According to Hussein Kassim (University of East Anglia, Department of Politics) and Kathryn Wright (University of East Anglia Centre for Competition Policy) in their paper Revisiting Modernisation: The European Commission, Policy Change and the Reform of EC Competition Policy conventional wisdom as to the explanation of recent Modernization efforts of EC competition policy is incorrect.

ABSTRACT: The modernisation of EC antitrust rules timed to coincide with the 2004 enlargement of the European Union is widely recognised as an historic and revolutionary reform. According to the dominant view that has emerged in both law and political science, the change is to be explained in terms of the interest and ability of the European Commission to engineer a reform that, behind the guise of decentralisation to national authorities, has in practice extended its power and influence over the control of anti-competitive agreements. Drawing on original research, this paper contests the conventional wisdom and the image of the Commission as an imperialistic actor that underlines it. It argues that such a view dramatically overstates the Commission's power and that a more sophisticated explanation is required. First, the Commission was motivated more by changes in the thinking within an epistemic community of competition practitioners and lawyers than by an impulse to expand its authority. Second, contrary to the monolithic conception of the Commission on which the dominant view depends, the Commission was internally differentiated and the development of its reform proposals the product of internal negotiation and conflict, rather than the expression of an inner drive to expansionism. Third, scrutiny reveals the Commission to be a constrained organisation, rather than a body able to re-write competition law autonomously.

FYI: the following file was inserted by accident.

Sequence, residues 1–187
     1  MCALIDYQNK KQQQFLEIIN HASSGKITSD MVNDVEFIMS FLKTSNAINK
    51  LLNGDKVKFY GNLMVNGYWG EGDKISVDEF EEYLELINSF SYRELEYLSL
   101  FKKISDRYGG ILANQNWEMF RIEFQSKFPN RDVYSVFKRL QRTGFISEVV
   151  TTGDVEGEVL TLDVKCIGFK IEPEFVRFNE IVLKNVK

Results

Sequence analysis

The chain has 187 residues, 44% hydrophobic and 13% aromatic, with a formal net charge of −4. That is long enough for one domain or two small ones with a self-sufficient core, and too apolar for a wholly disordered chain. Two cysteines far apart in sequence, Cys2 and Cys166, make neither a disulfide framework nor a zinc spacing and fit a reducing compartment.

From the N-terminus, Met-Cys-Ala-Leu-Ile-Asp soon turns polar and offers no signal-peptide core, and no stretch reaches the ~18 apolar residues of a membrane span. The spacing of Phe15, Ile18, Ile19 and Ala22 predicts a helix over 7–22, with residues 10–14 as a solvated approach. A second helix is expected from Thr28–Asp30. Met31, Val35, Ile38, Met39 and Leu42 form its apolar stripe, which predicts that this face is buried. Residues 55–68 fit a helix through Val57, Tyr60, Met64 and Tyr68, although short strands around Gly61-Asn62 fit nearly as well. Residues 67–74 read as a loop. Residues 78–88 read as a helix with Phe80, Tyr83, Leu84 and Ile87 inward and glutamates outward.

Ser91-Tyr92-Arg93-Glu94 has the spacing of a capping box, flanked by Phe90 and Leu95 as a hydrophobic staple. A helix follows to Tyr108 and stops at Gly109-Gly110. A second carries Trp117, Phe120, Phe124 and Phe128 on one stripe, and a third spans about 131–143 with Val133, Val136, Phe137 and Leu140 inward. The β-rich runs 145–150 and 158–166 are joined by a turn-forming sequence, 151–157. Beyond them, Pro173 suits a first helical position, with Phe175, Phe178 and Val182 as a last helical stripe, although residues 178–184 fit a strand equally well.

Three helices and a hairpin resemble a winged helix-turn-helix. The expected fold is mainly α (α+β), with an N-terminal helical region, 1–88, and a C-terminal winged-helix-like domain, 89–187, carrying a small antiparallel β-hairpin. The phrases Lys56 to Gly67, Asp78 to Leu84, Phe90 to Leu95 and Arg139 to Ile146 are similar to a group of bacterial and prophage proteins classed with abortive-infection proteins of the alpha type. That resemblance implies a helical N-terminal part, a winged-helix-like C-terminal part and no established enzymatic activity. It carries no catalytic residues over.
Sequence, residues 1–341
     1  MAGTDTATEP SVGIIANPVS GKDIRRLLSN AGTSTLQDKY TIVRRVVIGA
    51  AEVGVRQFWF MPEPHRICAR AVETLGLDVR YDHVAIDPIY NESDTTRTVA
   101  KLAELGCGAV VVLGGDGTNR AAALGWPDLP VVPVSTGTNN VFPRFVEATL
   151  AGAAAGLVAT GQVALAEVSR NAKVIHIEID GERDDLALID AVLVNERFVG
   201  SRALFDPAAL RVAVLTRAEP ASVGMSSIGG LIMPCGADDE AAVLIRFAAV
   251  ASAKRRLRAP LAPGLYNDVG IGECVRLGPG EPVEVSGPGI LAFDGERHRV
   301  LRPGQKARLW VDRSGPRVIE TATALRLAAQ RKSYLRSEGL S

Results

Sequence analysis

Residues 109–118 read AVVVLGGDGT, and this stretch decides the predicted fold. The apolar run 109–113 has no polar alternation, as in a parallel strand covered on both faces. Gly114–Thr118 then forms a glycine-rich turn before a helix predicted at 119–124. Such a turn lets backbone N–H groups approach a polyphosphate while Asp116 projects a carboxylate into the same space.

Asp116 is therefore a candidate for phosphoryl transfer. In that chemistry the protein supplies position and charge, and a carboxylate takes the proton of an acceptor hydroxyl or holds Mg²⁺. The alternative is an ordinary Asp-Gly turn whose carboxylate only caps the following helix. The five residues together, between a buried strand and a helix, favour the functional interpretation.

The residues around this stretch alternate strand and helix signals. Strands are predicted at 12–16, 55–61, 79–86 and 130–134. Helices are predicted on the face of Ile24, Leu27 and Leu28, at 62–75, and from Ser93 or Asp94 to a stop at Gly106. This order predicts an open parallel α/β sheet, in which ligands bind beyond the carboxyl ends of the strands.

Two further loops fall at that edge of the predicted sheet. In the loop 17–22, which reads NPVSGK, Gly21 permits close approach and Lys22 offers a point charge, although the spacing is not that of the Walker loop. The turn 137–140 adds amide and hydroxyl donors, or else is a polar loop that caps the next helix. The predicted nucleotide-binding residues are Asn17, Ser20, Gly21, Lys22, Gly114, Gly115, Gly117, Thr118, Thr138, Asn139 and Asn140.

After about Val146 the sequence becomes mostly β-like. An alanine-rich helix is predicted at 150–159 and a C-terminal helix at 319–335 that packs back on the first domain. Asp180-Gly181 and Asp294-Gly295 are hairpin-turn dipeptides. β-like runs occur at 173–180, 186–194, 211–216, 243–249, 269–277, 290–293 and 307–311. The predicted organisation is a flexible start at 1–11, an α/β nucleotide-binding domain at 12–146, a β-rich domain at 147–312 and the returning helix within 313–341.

November 26, 2007 | Permalink | Comments (0) | TrackBack (0)

Sunday, November 25, 2007

Price Dispersion and Class Certification in Antitrust Cases: An Economic Analysis

Posted by D. Daniel Sokol

James F. Nieberding (LECG) and Robin Cantor (Navigant Consulting) tackle the issue of price dispersion in antitrust litigations in their article Price Dispersion and Class Certification in Antitrust Cases: An Economic Analysis.

ABSTRACT: Differences in prices paid by putative class members (?price dispersion?) often become a focal point for class certification in antitrust matters. This paper discusses how an economic analysis of the existence, extent, and nature of price dispersion faced by plaintiffs seeking class certification may be informative even in matters thought to be particularly appropriate for class treatment (e.g., horizontal price-fixing). The existence of price variability among the products at issue can be addressed within the class framework if such price differences are systematic and able to be controlled for in any ?but-for? pricing analysis.